Round About the Cauldron Go: An Introduction to the History of Magic
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|Duration||10 weekly meetings|
|Tutor||Dr Juliette Wood|
|Concessionary fee||£140 (find out about eligibility and funding options)|
Magic is a rich and complex concept that has influenced artists, writers, philosophers and scholars, and has become relevant today as part of modern cultural and spiritual life.
In this module, you will study the history of western magic as a system of thought and as an influence on other aspects of culture and will be introduced to the history and development of ideas about magic through archaeology, art, literature and folklore.
You will explore classical and modern ideas about magic and some of the artistic and literary uses of magical themes and images.
You will also examine how magical thinking and its numerous revivals have affected popular culture from the Renaissance and to contemporary spirituality.
Learning and teaching
The module will be delivered through ten two-hour sessions via Zoom, made up of lectures, class discussions, small group work and debates. Class sessions will be supplemented by resources available to students via Learning Central, including lecture recordings.
Topics may include:
- introduction of concepts and sources
- Jewish magic and Kabbalah
- shamanism as magic, religion and lifestyle
- archaeology and the interpretation of magic
- Voudon, Voodoo and Santeria
- the Egyptian magical texts
- magic and modern spirituality
- a history of magic in film and fiction
- Renaissance magicians and their heritage
- magic in the classical world
Coursework and assessment
To award credits we need to have evidence of the knowledge and skills you have gained or improved. Some of this has to be in a form that can be shown to external examiners so that we can be absolutely sure that standards are met across all courses and subjects.
The most important element of assessment is that it should enhance your learning. Our methods are designed to increase your confidence and we try very hard to devise ways of assessing you that are enjoyable and suitable for adults with busy lives.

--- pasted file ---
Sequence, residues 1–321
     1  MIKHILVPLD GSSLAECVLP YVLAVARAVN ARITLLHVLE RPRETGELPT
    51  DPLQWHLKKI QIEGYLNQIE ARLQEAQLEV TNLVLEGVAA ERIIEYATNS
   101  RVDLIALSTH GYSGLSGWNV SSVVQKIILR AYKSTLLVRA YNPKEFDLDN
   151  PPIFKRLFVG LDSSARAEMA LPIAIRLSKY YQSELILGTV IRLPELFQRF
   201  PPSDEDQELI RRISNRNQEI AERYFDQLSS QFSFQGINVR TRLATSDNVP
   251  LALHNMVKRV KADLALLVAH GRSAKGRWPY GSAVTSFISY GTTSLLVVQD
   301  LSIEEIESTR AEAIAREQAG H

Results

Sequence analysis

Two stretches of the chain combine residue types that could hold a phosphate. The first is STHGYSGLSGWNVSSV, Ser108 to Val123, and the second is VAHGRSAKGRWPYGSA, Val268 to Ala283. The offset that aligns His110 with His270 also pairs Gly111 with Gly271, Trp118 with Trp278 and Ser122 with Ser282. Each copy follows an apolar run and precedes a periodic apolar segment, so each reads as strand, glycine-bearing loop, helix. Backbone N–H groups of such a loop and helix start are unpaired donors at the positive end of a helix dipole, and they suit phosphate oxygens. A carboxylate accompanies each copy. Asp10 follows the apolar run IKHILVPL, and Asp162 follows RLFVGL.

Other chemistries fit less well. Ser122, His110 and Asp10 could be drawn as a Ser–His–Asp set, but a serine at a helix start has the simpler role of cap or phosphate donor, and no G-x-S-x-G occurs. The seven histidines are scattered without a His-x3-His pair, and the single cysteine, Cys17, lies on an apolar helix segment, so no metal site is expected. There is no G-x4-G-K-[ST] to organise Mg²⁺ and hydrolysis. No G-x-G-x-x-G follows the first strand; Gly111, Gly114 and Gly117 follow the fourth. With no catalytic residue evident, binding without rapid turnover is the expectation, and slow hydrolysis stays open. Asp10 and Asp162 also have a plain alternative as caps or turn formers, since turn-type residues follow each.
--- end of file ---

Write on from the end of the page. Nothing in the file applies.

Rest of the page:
You will complete two written assignments for this course. You will write approximately 1,500-2,000 words in total.
- Valerie Flint, The Rise of Magic in Early Medieval Europe (Oxford, 1991)
- Richard Kiekhefer, Magic in the Middle Ages (Cambridge, 1990)
- Owen Davies, Witchcraft, Magic and Culture 1736-1951 (Manchester, 1999)
- Owen Davies, Cunning-Folk, Popular Magic in English History (London, 2003)
- Eric Gerald Stanley, The Search for Anglo-Saxon Paganism (Cambridge, 1975)
- Stephen Wilson, The Magical Universe: Everyday Ritual and Magic in Pre-Modern Europe (London and New York, 2000)
- T.A.Waters, An Encyclopaedia of Magic and Magicians (Oxford, 1988)
Recommended background reading
- The Athlone History of Witchcraft and Magic in Europe, 6 vols (London, 1999-2002)
- Owen Davies, Grimoires: A History of Magic Books (Oxford, 2009)
- Claire Fanger, Conjuring Spirits: Texts and Traditions of Medieval Ritual Magic (Stroud, 1998)
- Graham Harvey Listening People, Speaking Earth: Contemporary Pagans (London, 1997)
- Richard Kiekhefer Forbidden Rites: A Necromancer's Manual of the Fifteenth Century (Stroud, 1997)
- Deborah Harkness, John’s Dee’s Conversation with Angels: Cabal, Alchemy and the End of Nature (Cambridge, 1999)
- Laennec Hurbon, Voodoo Truth and Fantasy (London, 1995)
- Ronald Hutton, The Triumph of the Moon: A History of Modern Pagan Witchcraft (Oxford, 1999)
- David Rollo, Glamourous Sorcery: Magic and Literacy in the High Middle Ages (Minneapolis, 2000)
Library and computing facilities
As a student on this course you are entitled to join and use the University’s library and computing facilities. Find out more about using these facilities.
Our aim is access for all. We aim to provide a confidential advice and support service for any student with a long term medical condition, disability or specific learning difficulty. We are able to offer one-to-one advice about disability, pre-enrolment visits, liaison with tutors and co-ordinating lecturers, material in alternative formats, arrangements for accessible courses, assessment arrangements, loan equipment and dyslexia screening.